Week 44: By Another Name

pen-nameWhat makes an author hide behind a nom de plume? The usual reasons for changing your name in non-literary walks of life are to avoid your creditors or the law, or simply because you feel blighted by the hand your parents dealt you: raw work pulled at the font, as PG Wodehouse accurately observes.

It was a belief widely held – and nurtured by the exclusively male tribe of publishers – that it was not seemly for a woman to take to the page. Or, in mediaeval England, to be heard at all, which is why the resourceful and very attention-seeking Margery Kempe made great play of the fact that she had dictated her autobiography to a male scribe. Oh, and that Jesus had told her to get it all written down, which you have to admit, is a rather splendid pre-emptive strike against potential critics. The Book of Margery Kempe seems to have been finished by 1450, but the first (and so far only) complete manuscript only came to light in 1934. Kempe was a remarkable woman of her own or indeed any time, and I suspect you are going to enjoy her tales of pilgrimage, chats with celebrities from Julian of Norwich to assorted bishops and archbishops, and a tour of the religious sites of Europe and the Holy Land. She is also, to my mind, the precursor of the great feminist icon, Violet Elizabeth Bott, with her ability to scream and scream until she is sick.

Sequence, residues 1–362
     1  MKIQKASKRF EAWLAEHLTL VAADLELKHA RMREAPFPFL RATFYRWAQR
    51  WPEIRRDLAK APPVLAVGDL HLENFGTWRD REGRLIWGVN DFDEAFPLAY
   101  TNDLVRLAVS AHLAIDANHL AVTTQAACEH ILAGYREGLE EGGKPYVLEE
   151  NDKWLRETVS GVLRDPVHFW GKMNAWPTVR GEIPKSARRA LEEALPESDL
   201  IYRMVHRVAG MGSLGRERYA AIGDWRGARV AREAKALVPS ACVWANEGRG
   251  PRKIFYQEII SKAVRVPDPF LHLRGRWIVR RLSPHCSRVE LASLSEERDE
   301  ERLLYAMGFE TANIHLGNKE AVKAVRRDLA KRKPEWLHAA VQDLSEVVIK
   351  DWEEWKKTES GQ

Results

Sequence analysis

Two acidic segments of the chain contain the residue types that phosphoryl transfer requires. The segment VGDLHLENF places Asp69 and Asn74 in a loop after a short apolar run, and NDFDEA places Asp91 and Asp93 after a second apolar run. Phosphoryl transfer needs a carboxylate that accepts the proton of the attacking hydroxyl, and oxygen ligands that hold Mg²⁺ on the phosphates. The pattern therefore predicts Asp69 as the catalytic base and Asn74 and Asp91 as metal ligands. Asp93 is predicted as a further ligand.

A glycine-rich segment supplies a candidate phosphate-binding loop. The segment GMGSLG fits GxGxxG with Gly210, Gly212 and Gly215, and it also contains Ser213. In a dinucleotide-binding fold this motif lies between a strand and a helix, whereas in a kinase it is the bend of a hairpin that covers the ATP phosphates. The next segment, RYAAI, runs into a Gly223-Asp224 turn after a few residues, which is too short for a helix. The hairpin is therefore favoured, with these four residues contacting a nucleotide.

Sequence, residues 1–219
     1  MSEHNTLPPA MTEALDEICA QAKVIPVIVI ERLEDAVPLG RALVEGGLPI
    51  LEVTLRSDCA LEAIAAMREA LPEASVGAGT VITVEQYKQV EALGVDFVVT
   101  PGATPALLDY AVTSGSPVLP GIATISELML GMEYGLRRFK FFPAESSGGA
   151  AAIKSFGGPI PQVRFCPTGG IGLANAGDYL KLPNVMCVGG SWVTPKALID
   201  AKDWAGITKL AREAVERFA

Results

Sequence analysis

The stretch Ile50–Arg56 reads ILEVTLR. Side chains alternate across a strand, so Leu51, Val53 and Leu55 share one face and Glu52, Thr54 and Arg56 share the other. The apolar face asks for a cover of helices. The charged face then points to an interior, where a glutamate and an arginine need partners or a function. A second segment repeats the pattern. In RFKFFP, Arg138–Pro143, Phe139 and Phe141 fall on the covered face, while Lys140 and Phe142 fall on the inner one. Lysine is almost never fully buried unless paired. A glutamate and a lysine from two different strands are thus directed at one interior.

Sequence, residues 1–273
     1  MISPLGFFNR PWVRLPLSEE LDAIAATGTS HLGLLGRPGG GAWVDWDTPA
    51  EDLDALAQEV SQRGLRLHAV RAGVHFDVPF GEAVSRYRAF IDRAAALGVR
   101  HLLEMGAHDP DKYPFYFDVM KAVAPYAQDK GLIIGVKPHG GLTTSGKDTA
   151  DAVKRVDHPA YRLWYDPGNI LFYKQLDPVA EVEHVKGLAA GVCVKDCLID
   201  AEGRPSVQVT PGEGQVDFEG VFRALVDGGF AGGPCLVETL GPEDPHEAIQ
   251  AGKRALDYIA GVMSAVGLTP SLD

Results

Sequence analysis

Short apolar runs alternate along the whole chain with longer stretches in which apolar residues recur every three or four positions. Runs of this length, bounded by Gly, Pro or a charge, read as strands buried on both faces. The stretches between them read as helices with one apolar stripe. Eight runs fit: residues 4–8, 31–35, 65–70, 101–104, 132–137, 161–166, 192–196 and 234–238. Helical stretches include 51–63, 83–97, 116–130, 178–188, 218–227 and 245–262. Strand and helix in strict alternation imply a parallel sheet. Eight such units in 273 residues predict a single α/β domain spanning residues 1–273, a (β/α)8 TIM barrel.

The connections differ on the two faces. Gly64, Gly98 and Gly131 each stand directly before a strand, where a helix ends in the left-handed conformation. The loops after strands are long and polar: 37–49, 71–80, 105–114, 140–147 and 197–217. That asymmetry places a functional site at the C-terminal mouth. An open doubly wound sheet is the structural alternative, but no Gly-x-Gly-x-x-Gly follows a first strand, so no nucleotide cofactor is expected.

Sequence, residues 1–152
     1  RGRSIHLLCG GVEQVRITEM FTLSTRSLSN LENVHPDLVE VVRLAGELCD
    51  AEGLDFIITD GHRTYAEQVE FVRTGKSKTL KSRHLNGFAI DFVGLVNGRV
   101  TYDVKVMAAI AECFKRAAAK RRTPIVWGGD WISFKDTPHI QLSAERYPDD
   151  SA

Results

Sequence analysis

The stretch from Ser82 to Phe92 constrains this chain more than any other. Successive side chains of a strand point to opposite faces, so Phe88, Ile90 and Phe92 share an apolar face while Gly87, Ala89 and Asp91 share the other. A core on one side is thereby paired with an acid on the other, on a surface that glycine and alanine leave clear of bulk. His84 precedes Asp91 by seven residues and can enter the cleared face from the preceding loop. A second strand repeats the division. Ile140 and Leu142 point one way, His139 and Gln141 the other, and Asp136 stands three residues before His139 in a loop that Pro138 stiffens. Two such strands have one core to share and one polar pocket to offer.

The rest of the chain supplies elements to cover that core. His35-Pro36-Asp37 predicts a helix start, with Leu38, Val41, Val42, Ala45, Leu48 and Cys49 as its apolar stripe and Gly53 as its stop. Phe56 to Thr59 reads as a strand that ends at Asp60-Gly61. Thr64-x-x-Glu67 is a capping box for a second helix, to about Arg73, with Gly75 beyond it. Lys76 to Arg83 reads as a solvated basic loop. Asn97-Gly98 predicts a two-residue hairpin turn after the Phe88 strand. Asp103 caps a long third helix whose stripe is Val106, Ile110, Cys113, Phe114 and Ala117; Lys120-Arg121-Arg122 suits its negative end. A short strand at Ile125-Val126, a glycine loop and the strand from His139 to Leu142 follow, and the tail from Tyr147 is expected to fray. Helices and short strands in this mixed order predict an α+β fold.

We do at least know Mrs Kempe’s name. In the seventeenth century, as religious sensibilities started to consign women to the private domestic sphere, it became increasingly difficult to get heard without either using a pseudonym or anonymity. Katherine Philips, the Welsh poet, translator of Corneille and leader of a literary circle, was undoubtedly as tough as old boots, but bowed to the conventions with a great deal of classical nick-naming for herself and her friends. She was ‘the matchless Orinda’, which, on the face of it, is a bit – well, simpery. She made great play of her virtue and devotion to her husband, and it is noticeable that despite all the coy shunning of publicity, Mrs Philips was very well known indeed as the perfect model of a female author. Not like that brazen Aphra Behn, you see, whose private life remained just that and who wrote to make money. Gosh, how infra dig. And for the stage at that. She also seems to have spied for the British Government to make money, by the way, and generally comes across as a woman who would have sold her grandmother to you at the right price. Behn wrote with wit and energy, and about sex and death. Obviously, she is a must-read. Start with Oroonoko, which is neither about South American rivers (although it is set in Surinam) nor Wombles, but is a high-octane tale of slavery, true love and barbarity: a sort of cross between Othello and Twelve Years a Slave.